Partnership with UK Strengthens Jersey’s Cyber Resilience
Tuesday 24 October 15:49
Businesses in Jersey will be able to access a new way to share information about potential cyber security threats.
Following discussions with the States of Jersey and the States of Guernsey, the UK Government’s National Cyber Security Centre (NCSC) has agreed to create a Channel Islands section of its Cyber Information Sharing Partnership (CiSP).
Any local businesses wanting to take advantage of this opportunity are invited to attend a States-run workshop on 27 October 2017. To reserve a place free of charge, see https://www.eventbrite.co.uk/e/cyber-security-workshop-tickets-38589917482?aff=ehomecard
The cyber threat is a tier one risk to national security and the NCSC was created in 2016 to make the UK the safest place to live and work online. Operating as part of GCHQ, it responded to more than 590 significant cyber incidents in its first year.
CiSP provides a secure virtual forum for Government and industry partners to exchange information on threats and vulnerabilities in real time. This will enable businesses from the Channel Islands to access the latest information about national and global threats, as well as giving them the opportunity to share relevant local information.
The Assistant Chief Minister, Senator Paul Routier, said: “If Jersey is to continue to thrive as a prosperous and stable economy in the 21st century, we will need to ensure that we have the strongest possible grounding in cyber security and resilience. The opportunity to participate in the UK Government’s Cyber Information Sharing Partnership is a valuable step on the road to achieving this goal. Together with Guernsey, we will now have an opportunity to share learning and information with partners in the UK.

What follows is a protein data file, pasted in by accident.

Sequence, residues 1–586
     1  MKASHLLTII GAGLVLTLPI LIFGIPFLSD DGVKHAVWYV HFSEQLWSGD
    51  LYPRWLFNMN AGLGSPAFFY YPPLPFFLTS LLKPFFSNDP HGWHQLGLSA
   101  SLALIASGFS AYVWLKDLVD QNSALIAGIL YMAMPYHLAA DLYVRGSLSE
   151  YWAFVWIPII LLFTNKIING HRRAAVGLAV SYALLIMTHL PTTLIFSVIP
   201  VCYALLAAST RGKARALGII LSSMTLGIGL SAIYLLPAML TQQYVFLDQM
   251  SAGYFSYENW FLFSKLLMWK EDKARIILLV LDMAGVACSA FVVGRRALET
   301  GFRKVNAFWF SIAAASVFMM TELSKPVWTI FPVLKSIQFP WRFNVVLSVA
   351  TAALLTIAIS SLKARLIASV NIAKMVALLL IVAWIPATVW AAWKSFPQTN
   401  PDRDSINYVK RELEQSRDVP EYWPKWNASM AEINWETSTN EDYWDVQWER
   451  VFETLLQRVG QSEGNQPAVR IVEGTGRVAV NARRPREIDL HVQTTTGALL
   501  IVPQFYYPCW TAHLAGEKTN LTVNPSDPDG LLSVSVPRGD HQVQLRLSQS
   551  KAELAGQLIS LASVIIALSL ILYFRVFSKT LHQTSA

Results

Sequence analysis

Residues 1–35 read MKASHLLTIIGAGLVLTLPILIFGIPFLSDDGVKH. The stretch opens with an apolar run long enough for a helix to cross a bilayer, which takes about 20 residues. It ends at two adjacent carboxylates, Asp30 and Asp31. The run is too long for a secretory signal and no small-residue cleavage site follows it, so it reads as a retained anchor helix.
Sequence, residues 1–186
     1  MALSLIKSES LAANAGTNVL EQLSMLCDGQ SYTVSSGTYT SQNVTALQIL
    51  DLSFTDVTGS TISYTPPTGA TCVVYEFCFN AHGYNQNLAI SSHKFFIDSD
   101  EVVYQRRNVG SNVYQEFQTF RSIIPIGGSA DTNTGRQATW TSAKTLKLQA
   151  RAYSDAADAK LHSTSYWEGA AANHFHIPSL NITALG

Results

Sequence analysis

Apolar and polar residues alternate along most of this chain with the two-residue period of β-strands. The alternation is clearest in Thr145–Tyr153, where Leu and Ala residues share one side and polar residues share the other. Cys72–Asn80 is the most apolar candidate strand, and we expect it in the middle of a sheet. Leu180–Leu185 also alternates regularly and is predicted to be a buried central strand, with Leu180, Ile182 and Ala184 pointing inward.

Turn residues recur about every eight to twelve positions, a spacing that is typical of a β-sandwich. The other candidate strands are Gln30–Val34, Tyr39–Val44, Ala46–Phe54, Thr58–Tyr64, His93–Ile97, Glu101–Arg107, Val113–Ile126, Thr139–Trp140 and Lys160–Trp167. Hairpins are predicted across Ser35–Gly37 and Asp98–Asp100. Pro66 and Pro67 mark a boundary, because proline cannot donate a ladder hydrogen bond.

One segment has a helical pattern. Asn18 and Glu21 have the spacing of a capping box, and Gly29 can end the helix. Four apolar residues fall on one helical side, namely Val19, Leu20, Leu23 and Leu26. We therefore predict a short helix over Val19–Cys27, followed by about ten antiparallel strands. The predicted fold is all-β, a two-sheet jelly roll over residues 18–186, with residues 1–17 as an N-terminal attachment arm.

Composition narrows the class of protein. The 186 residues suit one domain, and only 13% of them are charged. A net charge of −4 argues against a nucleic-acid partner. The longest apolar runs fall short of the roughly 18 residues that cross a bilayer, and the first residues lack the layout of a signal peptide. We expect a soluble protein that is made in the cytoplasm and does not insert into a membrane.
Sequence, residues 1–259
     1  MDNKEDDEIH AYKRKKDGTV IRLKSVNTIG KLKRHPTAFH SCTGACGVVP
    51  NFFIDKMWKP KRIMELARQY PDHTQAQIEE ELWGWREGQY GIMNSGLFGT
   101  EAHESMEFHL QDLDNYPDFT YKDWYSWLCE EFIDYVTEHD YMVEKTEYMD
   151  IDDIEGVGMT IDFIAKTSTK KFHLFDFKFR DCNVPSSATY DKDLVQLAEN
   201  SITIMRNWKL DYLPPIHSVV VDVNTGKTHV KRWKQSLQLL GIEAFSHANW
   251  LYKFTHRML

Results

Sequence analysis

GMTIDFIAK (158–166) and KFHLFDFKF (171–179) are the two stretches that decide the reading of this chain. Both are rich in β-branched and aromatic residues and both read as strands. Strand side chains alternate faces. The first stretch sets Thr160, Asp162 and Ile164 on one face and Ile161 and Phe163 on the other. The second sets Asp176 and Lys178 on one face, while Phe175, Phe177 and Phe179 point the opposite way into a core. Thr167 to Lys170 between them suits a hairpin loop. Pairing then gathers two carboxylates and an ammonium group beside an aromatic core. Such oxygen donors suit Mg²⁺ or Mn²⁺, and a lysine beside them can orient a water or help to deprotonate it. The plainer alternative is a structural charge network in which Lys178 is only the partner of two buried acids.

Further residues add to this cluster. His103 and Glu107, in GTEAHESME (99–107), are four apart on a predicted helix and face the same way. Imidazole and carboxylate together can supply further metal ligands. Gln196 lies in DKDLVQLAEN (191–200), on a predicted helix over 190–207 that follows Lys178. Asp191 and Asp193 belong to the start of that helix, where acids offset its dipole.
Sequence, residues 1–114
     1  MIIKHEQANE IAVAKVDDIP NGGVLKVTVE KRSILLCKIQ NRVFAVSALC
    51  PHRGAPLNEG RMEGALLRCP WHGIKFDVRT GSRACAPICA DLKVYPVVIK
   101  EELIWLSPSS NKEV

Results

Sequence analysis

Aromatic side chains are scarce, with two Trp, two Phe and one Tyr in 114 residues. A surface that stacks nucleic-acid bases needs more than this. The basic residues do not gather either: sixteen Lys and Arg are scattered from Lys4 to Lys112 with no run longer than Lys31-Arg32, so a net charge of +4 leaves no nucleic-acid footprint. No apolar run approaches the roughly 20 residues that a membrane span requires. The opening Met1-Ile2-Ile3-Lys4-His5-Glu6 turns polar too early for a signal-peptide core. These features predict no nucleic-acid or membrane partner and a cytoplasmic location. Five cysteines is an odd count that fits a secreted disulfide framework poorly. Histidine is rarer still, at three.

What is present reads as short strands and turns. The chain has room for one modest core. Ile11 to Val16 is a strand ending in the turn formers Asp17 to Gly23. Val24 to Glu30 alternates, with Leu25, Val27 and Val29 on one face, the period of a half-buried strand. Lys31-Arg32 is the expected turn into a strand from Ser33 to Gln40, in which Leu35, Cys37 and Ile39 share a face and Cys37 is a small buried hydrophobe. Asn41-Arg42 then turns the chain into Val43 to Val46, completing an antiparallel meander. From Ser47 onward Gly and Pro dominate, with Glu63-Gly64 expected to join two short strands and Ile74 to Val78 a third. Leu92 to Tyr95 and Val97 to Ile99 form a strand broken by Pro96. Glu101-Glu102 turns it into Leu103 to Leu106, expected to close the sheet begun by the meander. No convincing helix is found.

“By increasing the scope of our own understanding of current cyber security threats, we can strengthen both Government’s and industry’s defences against known attacks. An incident at a single company has the potential to damage the reputation of the entire Island, so it is in everyone’s interests for firms to cooperate. If businesses are aware of potential threats, they are better able to take steps to defend against possible attacks.”
NCSC Deputy Director for Digital Government, Alison Whitney, added: “We are delighted to help people from the Channel Islands to quickly and securely exchange threat information. There is no system in the world that is completely secure, and the UK faces cyber attacks of various types every day.
“CiSP has proven to be an invaluable resource during large-scale cyber incidents. 23,000 people visited it during the WannaCry ransomware outbreak, providing up to the minute mitigation advice whilst also debunking false rumours.”
The launch of the Channel Islands section of CiSP is the first of several initiatives in the Government’s cyber security strategy that will be introduced to strengthen the Island’s cyber security and ensure that Jersey remains a safe place in which to live and do business.
The NCSC provides a single, central body for cyber security at a national level. It manages national cyber security incidents, carries out real-time threat analysis and provides tailored sectoral advice.